Headscratchers / Ruby Gloom

  • How exactly does the setup at the house... work? Which is to say, all the main characters live in a Victorian mansion within easy traveling distance of Gloomsville. They range from mid-teens, if that, to however old Poe is (in his fifties?) with no clear source of income or anything. I'm tempted to just shrug it off, remind myself that it's just a (kids') show and I should really just relax, but then the first episode goes and makes a big deal about how Ruby is apparently "leaving" the house. Where would she go? How did they get there in the first place?
    • This sounds like a job for fanfiction!
      • And, now you can find the answer on FF.net. Almost beleivable.
    • For that matter, how does the house have a crypt, tunnels that go everywhere, and a nearly direct line to the other side of the world? It's on a pretty extreme outcropping.
  • The flashback of Frank and Len as babies. If they weren't born as Siamese twins, then did someone stitch them together? That's more horrifying than anything explicitly said in the show.
  • What are the characters actually? Are they all dead, they live or are immortal? It also seems that Misery and her relatives seem to be truly immortal (except for the males, they all died through quicksand, except for one. ) , as all female relatives of Misery appeared in one episode, still alive and kicking.
    • It depends on the character. Scaredy Bat and Poe are standard-issue Funny Animals. Poe in particular has clearly aged some. The same probably goes for Iris, as being an unusually small, cute and pale-skinned cyclops doesn't have any bearing on mortality, as far as I know. There are hints that Ruby is actually an animate doll, which is appropriate, but leaves her nature up in the air. Misery seems to be some kind of banshee. (Incidentally, from the episodes I've seen — this show needs a better DVD release — her aunt died from a falling Ouija board.) That just leaves Boo Boo, Frank and Len, and Skull Boy... who, taken at face value, would be three varieties of undead. Presumably from relatively young ages. Um.

  • Why is the house built next to an abyss? That sounds very dangerous.

  • In "Poe-Ranoia", what were the guillotine and the thing that smashed the round thing in half and dropped the halves into two cauldrons? Neither my sister nor I saw them (nor any hint of watermelon or coconut, for examples) in the explanation scene.
    • The guillotine is... A guillotine! For decoration, I guess? The hammer might have been the same hammer that flung Ruby across the carnival, and Mr. Mumbles was... I don't know, testing to see if it was too strong? If anyone knows better, I'd appreciate some enlightenment.

  • Why did they never show Ruby Gloom in the US? No Export for You? Most Canadian shows are shown in the US, plus it seemed to be popular here in Canada.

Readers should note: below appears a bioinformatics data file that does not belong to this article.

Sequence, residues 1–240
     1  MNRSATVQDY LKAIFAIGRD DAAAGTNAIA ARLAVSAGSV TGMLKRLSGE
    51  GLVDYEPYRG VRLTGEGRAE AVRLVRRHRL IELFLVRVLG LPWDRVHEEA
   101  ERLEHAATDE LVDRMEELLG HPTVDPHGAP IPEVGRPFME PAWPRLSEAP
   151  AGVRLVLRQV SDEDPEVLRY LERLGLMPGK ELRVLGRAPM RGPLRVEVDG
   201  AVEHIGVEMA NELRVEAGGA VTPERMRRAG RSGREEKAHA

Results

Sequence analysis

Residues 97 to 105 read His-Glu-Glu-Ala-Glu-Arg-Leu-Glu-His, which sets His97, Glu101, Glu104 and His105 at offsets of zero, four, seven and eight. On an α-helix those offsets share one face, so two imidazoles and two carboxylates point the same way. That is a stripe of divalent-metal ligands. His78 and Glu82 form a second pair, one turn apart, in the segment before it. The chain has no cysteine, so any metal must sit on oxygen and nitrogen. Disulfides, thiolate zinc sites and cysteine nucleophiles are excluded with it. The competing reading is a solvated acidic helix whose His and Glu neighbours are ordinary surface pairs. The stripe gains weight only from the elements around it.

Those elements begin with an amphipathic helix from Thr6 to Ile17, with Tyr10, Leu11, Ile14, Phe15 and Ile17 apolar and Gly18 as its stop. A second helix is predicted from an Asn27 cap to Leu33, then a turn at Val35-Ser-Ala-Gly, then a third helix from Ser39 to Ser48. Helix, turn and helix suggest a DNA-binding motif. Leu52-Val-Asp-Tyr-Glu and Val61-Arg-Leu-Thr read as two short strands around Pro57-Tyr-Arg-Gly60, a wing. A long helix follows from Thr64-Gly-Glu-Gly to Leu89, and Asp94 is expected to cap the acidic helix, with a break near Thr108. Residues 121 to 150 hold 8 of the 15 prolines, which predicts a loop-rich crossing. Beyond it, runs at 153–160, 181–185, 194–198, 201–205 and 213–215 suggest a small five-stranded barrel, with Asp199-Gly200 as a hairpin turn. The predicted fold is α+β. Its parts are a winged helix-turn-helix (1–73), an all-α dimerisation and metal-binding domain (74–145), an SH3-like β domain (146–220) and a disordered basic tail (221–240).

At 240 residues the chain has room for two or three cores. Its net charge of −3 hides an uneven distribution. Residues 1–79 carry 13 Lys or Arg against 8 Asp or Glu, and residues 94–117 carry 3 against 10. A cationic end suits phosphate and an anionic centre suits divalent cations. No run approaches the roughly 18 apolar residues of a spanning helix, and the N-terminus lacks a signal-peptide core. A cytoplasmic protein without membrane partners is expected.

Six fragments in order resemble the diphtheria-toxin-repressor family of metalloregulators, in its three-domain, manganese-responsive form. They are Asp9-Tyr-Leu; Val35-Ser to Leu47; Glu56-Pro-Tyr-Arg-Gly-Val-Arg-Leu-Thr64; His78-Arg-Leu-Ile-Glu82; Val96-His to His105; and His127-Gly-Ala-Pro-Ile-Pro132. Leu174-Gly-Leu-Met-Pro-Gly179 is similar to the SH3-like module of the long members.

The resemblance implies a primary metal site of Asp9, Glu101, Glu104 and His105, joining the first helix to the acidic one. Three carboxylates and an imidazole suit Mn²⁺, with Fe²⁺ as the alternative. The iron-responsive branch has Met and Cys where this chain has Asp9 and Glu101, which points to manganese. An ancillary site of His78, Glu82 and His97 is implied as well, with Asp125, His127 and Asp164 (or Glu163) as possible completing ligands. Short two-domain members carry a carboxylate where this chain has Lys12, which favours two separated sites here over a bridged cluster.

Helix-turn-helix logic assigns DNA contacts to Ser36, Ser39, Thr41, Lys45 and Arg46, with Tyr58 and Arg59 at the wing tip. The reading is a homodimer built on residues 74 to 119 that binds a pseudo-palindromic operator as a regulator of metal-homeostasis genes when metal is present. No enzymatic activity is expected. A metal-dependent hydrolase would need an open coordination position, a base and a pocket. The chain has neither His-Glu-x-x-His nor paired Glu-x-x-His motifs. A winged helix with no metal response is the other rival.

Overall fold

• It is on Netflix.
    • Sorry, Netflix isn't a TV channel, so it doesn't count.
      • Weel, that's a No True Scotsman if I ever hear one, since the issue was "never show Ruby Gloom in the U.S.", not "never air it on generally-available U.S.-based stations". Plenty of "TV channels" these days are only available with a subscription and allow you to watch their shows any time you want, and there are some Canadian stations (not sure about Ruby Gloom's publisher) that can be viewed in the U.S. And Netflix is U.S.-based, I've seen plenty of people in Canada and South Americanote  complaining that their version of Netflix doesn't have enough of the things the U.S. version has.

  • In "Tooth or Dare", if they were so curious about what tooth fairies use the teeth for, why didn't they ask the tooth fairy that was staying with them?

  • In "Ubergloom" why were Gunter and Uta visiting Ruby and her friends in the first place?
    • Their stepmother sent them after the witch and the gingerbread house failed.

  • Why did they have Misery's family reunion be all just a dream, exactly? Was it just to make Misery a more dawww-filled character? And are those relatives of hers still even alive? The whole episode, while awesome, left on a strange and unsatisfactory note, for seemingly no reason at all.

  • Is it possible that, since adults like Mr. Mummbles are the same size as the main characters, they're all just superdeformed adults? That would explain why they all live together in a huge mansion and never go to school or anything. But then they don't have jobs, either...unless all these random contests and fairs they're constantly entering are paying gigs.
    • In an early episode (while teaching Scaredy Bat to fly), Iris told Frank and Len to move over about three feet and, based on how far they moved (and assuming they're human feet), the humanoid characters are about five to six feet tall, give or take a little less than half a foot (so, about the normal range for adult humans). I figure their group just includes one or more Rich Idiots With No Day Job, and/or are trust fund kids. ...My little sister actually thinks Ruby's the caretaker for the house and some or all of her friends. I ascribe to the former theory, and while I don't believe the latter it seems kind of plausible.

  • Did anybody else see that one extra at the World's Fair that was a fat guy whose mouth was overflowing with shoes? What the hell was that?
    • Gloomsville is full of strange inhabitants, it's best not to question things like this at this point.
    • I think that's the same guy from Broken Records, episode twenty of the first season. No idea why he'd still be doing it though...

  • If Ruby hates yellow, why does she wear socks with yellow stripes?

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